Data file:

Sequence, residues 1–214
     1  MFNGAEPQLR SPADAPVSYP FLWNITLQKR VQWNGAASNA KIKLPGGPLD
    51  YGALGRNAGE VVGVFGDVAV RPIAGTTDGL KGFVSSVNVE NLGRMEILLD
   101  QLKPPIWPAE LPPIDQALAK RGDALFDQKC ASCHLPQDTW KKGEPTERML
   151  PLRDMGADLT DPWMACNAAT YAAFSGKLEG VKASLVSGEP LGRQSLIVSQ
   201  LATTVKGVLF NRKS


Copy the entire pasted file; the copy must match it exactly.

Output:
Sequence, residues 1–214
     1  MFNGAEPQLR SPADAPVSYP FLWNITLQKR VQWNGAASNA KIKLPGGPLD
    51  YGALGRNAGE VVGVFGDVAV RPIAGTTDGL KGFVSSVNVE NLGRMEILLD
   101  QLKPPIWPAE LPPIDQALAK RGDALFDQKC ASCHLPQDTW KKGEPTERML
   151  PLRDMGADLT DPWMACNAAT YAAFSGKLEG VKASLVSGEP LGRQSLIVSQ
   201  LATTVKGVLF NRKS